Research helps to increase survival rates
If a child has cancer of the kidney it is most likely something called Wilms tumor. Wilms tumor accounts for 95 percent of kidney and renal cancers in children under the age of 14. Also called “nephroblastoma,” Wilms tumor is a mass of cancer cells that grow in kidney tissue.
The kidneys filter and clean the blood and produce urine. Though there are a pair of kidneys — they are fixed to the back wall of the abdominal cavity, with one on each side of the backbone — in most cases of Wilms tumor only one kidney is affected.
This is a disease primarily of young children. At the time of diagnosis, most Wilms tumor patients are less than five years old.
Clinical trials over the past 22 years have been associated with improved long-term survival rates for children with Wilms tumor.
- Between 400-500 new cases of Wilms tumor are diagnosed each year in the U.S.
- About six percent of all cancers in children are Wilms tumor.
- Clinical trials over the past 22 years have been associated with improved long-term survival rates for children with Wilms tumor.
- The long-term survival has approached 90 percent for most patients, and 95 percent for those with the most favorable prognosis. Careful use of surgery and a combination chemotherapy and radiation therapy, where necessary, have produced these results.
The disease usually has no symptoms that are obvious to the child or parent. Instead, the hard mass of the tumor is most often felt by the physician’s hands during a routine exam of the abdomen. Parents might also find a lump in the belly. Only rarely will the child complain of fever, aches, or blood in the urine.
Unlike most cancers, Wilms tumor does not generally interfere with a child’s health — even though it may become very large. The average weight of a newly found tumor is one half pound — that’s four times larger than a kidney of the average three-year-old. Though large, the Wilms tumor cells do not tend to spread quickly. Most are found during the child’s annual physical exam when the doctor presses deeply into the child’s stomach area, above the navel.
Several tests are used to diagnose Wilms tumor. They are:
- Ultrasound: Sound waves directed at the tumor help make a picture of the tumor.
- CT Scan (computed tomographic scan): Similar to an x-ray, this machine produces pictures of soft tissues that will show irregular swellings and lumps — possible tumors — in the kidney.
- CT Scan of chest: This is used to look for possible spread of the tumor.
- MRI (magnetic resonance imaging): This uses magnetic waves to make a picture of the kidney.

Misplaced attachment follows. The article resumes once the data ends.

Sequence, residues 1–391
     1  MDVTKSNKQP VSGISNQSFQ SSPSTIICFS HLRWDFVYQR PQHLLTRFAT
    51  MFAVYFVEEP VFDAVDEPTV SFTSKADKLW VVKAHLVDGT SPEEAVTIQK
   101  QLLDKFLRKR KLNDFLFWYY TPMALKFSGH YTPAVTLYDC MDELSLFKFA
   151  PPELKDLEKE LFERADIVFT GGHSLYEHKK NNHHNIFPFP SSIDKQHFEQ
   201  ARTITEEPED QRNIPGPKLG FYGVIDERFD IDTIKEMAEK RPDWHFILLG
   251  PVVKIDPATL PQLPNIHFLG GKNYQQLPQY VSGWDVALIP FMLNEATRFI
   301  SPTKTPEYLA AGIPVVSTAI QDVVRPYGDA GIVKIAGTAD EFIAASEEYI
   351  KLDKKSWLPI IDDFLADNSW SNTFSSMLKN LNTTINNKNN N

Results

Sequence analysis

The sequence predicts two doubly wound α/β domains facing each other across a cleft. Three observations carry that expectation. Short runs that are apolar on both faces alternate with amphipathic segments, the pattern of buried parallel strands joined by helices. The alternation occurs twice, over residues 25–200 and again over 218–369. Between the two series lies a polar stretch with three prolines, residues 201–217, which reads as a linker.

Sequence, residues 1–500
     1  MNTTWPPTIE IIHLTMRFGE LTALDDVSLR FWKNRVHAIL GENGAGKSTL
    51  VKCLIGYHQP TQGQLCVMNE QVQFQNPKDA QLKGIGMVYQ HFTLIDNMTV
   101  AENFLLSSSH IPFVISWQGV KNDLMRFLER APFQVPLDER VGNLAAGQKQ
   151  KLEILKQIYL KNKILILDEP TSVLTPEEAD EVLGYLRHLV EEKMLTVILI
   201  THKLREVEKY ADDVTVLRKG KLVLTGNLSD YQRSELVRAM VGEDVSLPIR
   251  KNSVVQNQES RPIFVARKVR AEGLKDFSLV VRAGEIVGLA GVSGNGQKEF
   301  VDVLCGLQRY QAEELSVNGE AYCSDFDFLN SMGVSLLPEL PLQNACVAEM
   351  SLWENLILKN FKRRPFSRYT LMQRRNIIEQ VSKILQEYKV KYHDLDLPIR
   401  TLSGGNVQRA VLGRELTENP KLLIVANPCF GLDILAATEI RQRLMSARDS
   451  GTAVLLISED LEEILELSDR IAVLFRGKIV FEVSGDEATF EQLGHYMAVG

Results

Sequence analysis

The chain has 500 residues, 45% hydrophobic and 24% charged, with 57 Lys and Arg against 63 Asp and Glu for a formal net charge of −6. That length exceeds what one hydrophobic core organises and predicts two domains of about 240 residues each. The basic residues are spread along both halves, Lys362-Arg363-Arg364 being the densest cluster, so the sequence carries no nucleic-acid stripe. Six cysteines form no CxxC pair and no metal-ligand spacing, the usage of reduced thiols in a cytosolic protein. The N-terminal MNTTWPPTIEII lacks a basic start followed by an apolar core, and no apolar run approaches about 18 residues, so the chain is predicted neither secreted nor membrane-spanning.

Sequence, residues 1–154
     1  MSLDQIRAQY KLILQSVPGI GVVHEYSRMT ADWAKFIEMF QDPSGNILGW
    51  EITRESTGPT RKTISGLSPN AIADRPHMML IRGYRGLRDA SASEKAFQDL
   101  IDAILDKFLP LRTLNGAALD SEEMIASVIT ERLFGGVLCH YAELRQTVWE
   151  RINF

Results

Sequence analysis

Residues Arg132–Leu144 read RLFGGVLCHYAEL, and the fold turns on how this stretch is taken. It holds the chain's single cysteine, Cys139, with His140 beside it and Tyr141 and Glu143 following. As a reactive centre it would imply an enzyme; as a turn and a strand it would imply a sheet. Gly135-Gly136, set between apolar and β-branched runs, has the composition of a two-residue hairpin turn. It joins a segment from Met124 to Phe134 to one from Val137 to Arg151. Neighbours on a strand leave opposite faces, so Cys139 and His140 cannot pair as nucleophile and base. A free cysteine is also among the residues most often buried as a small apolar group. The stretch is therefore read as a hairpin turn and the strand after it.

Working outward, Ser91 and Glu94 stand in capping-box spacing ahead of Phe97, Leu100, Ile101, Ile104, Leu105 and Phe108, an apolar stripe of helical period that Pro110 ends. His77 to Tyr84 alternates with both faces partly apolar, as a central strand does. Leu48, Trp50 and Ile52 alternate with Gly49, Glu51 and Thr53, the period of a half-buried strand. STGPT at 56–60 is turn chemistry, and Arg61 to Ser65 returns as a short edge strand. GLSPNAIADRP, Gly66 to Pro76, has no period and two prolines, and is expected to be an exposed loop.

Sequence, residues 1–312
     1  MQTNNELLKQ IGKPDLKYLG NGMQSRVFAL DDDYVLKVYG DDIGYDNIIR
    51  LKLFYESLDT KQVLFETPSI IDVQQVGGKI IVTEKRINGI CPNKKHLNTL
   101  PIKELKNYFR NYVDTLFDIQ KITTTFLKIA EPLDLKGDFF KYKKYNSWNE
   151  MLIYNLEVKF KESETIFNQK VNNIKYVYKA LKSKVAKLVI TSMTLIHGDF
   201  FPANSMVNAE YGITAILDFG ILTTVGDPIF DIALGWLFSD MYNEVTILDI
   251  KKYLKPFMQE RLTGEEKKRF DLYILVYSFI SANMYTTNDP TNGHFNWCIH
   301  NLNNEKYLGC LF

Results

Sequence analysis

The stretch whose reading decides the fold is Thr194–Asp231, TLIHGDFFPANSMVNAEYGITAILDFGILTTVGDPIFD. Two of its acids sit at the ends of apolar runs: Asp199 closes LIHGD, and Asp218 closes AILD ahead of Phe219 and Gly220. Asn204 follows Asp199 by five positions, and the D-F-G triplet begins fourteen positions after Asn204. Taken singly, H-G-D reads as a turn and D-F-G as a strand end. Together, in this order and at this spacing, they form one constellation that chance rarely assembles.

- Chest and bone x-rays: These may be taken to determine if the Wilms tumor cells have spread to sites beyond the kidney.
- Surgery: If any of the procedures above show abnormal tissue, the doctor will usually try to surgically remove it. In some cancers, biopsies are done first, but with most cases of Wilms tumor, the surgeon attempts to take out all of the tumor instead of removing just a portion to examine under a microscope.
Once Wilms tumor is found, tests are done to determine the extent to which the cancer cells have spread from their point of origin to surrounding tissues, or to other parts of the body. This is called “staging” the cancer. Staging is an important step because it helps the child’s doctor recommend the most effective treatment approach. The stages of Wilms Tumor are:
- Stage I: Cancer has not spread. As a result, it can be completely surgically removed.
- Stage II: Cancer has spread to areas near the kidney — such as fat, blood vessels or a portion of the kidney that conducts fluid in and out of it known as the renal sinus. Despite the spread, Stage II cancers also can be completely removed by surgery.
- Stage III: Cancer has spread to areas near the kidney, including lymph nodes, but cannot be totally surgically removed because of the location of the cancer, or the extent of its spread. For example, if the cancer has invaded important blood vessels or spread throughout the abdomen, surgery may be too risky to the patient.
- Stage IV: Cancer has spread beyond the kidneys to other organs such as lung, liver, bone or brain.
- Stage V: Cancer cells are found in both kidneys (bilateral).
To learn more about Wilms tumor, read “Rosie’s story: surviving Wilms tumor.”
Histology or cell type
The histology or cell type refers to the biological characteristics of the cancer cells determined by evaluating certain characteristics of the cancer cells under a microscope. In the case of Wilms tumor, the way the cells look under the microscope says a lot about how the cancer will respond to treatment. Doctors break down Wilms tumor types into one of two categories:
- Favorable histology
- Unfavorable histology
This is a shorthand way of talking about what kind of cells are involved, and the likelihood for a cure. Unfavorable histologies are more challenging medical situations than favorable histologies. This unfavorable histology condition is known as anaplasia. About 95 percent of Wilms tumors lack anaplasia and therefore have favorable histologies. Other unfavorable conditions are clear cell sarcoma and rhabdoid tumor.